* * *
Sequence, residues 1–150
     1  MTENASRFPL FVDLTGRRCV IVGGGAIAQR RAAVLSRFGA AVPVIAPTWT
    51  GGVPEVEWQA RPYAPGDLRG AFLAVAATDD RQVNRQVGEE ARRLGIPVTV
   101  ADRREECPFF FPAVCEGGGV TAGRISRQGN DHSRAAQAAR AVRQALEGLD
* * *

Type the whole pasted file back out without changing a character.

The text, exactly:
Sequence, residues 1–150
     1  MTENASRFPL FVDLTGRRCV IVGGGAIAQR RAAVLSRFGA AVPVIAPTWT
    51  GGVPEVEWQA RPYAPGDLRG AFLAVAATDD RQVNRQVGEE ARRLGIPVTV
   101  ADRREECPFF FPAVCEGGGV TAGRISRQGN DHSRAAQAAR AVRQALEGLD